Recognizing what was happening, the company doubled down on the AI industry. And as Big Tech executives began orienting their companies toward AI, Nvidia’s revenue and stock price began to rise. By the time OpenAI made its ChatGPT chatbot public, kicking off the AI craze, Nvidia already was miles ahead.

“It’s a piece of technology no others in the market have been able to come close to in terms of functionality and reliability,” said Fred Havemeyer, an analyst with Macquarie Group.

Not only does Nvidia have the best chips, but the software it built to help program them is the most widely used among AI researchers and engineers. At this point, switching to a different company’s chip would force them to learn a new software system.

In 2023, Nvidia sold about 78 percent of the AI chips destined for data centers around the world, up from 63 percent in 2022, according to London-based research firm Omdia.

If AI were a gold rush, Nvidia would be the biggest supplier of pickaxes, and experts say its dominance isn’t likely to wane anytime soon.

“The picture may well look different five years from now, but right now Nvidia is king,” Etzioni said.

– – –

Is it too late to get in?

Last month, as Nvidia posted another record-breaking quarterly report, the fervor around the company was palpable on social media. In tweets and TikTok posts, former investors bitterly posted calculations of how much their shares would have been worth if they’d held on, while those who cashed in bragged about their hauls and posted images from the movie “The Wolf of Wall Street.”

On Reddit threads about the stock, users debated whether it was too late to get in on the action.

“At this point if you don’t see Nvidia’s opportunity … then you are truly lost,” one user posted, along with the facepalm emoji.

Kaitlin Mackie, a director of brand design for the digital health company Welldoc, saw the impact AI image generators were having on her field and Googled “How to invest in AI.” The web led her to Nvidia, and she picked up 2.6 shares in November.

“I bought it because it was a company powering the future, especially in my industry,” Mackie said in an interview.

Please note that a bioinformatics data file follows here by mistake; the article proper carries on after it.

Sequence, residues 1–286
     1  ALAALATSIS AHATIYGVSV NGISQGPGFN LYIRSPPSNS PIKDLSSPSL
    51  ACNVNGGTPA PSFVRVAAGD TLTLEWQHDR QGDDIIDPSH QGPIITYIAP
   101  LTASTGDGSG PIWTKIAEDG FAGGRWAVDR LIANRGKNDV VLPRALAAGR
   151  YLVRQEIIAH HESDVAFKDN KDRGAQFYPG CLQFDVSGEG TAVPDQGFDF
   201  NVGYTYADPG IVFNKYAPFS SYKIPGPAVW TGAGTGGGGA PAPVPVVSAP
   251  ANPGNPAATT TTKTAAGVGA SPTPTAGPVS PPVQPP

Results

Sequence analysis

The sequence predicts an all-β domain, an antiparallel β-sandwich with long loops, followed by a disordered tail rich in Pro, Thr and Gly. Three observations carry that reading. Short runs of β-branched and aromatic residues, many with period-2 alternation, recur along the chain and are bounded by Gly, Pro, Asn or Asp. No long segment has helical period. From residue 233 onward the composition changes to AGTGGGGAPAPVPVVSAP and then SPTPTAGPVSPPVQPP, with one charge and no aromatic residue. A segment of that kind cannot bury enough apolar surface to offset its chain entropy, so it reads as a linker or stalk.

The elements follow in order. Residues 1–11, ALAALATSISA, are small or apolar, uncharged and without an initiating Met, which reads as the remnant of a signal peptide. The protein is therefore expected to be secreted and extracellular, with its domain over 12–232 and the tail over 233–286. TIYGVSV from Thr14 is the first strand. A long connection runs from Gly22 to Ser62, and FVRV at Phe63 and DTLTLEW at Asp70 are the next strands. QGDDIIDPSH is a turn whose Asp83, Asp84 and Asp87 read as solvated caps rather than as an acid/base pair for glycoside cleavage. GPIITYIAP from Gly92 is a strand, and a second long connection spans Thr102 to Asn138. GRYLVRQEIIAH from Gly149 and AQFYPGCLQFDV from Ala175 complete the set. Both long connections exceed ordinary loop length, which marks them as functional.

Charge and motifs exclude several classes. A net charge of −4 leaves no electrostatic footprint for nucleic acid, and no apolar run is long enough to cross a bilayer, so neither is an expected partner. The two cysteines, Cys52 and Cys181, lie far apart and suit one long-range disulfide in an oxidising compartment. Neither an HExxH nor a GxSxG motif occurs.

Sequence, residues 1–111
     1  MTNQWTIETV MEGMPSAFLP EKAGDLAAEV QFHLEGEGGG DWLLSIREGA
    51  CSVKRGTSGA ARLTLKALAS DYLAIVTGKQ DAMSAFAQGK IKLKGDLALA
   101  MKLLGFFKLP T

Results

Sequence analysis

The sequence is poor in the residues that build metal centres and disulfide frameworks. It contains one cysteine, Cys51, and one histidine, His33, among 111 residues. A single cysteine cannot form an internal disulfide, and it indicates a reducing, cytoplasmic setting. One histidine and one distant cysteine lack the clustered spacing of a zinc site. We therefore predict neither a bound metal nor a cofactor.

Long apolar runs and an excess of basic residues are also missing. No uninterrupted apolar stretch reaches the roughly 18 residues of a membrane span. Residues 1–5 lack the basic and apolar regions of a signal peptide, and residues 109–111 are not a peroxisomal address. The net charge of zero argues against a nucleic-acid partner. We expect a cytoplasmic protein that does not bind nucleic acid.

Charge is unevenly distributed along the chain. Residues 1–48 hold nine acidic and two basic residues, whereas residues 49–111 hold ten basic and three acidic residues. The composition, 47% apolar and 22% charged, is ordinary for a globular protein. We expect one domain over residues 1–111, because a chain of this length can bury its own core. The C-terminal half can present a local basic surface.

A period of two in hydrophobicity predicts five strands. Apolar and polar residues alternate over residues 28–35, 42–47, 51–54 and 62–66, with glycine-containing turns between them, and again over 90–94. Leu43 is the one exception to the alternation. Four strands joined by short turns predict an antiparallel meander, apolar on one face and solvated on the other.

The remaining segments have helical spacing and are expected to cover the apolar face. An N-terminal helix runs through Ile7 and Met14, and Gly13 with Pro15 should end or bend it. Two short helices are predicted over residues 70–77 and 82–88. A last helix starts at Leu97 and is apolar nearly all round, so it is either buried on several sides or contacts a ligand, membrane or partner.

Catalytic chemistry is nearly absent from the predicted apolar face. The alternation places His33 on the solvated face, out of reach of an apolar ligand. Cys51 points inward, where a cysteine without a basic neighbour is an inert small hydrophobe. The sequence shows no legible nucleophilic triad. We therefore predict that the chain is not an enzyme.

On dates last year, men would tell her the stock was overvalued, or question why she’d bother owning so few shares in a single company. She ignored them. It paid off when Nvidia reported earnings in late February and her holdings jumped by $900. She used some of the money for lip filler and the rest to pick up.

Her 3.96 shares of Nvidia are now valued around $3,480, and she’s a believer in the company.

“Even if it goes back down, I’ll just hold it,” Mackie said.

Nvidia’s boom stands out among the general doom and gloom in Silicon Valley. While the rest of the industry has laid of tens of thousands of workers in the past two years, Nvidia’s head count has grown 30 percent to 29,600, according to company filings.

That growth has helped boost the economy in Santa Clara, a suburb wedged between San Jose and Apple’s home of Cupertino. Some start-ups are moving their headquarters to the area to have better access to Nvidia’s executives and sales representatives.

In February, a line of several hundred eager students wrapped around a building on Georgia Tech’s campus in Atlanta, all waiting to meet with visiting Nvidia engineers about internships and jobs at the company, according to Denitsa Dimitrova, an electrical engineering student who attended.

Dimitrova, a senior, hadn’t heard of the company before the fall of 2022, when a friend landed an internship there.

“I didn’t think I’d desire to work there someday. Now, they’re a huge name,” Dimitrova said. “Everyone is interested in the top of the top, and Nvidia has joined those ranks.”

On Handshake, a recruiting platform that connects college students and employers, Nvidia internships received seven times as many applications in January as they did a year ago.

Silicon Valley companies have traditionally used the promise of stock growth as a key way to win over top prospects from colleges across the country. Over the past decade, thousands of young people have made their fortunes working for Big Tech companies and highflying start-ups like Airbnb, Uber and Spotify.

But wave after wave of layoffs have damaged morale among Silicon Valley workers and cut into the perception that Big Tech offers job security. AI is the bright spot, with investors pouring huge sums of money into the space and AI researchers and engineers winning seven-figure compensation packages.

Even without the potential to make money from stock grants, Nvidia’s salaries are already as high or higher than those at Google, Facebook and Apple, the traditional top-tier employers of the last decade, according to data from Glassdoor, which surveys tech workers.

Shiva Kumar Appam is set to graduate from San José State University with a master’s in electrical engineering in May. He’s applying to a few places, but Nvidia is one of his top choices.

“I would be on top of the world,” Appam, 25, said about the possibility of landing a job there. “It’s a dream company.”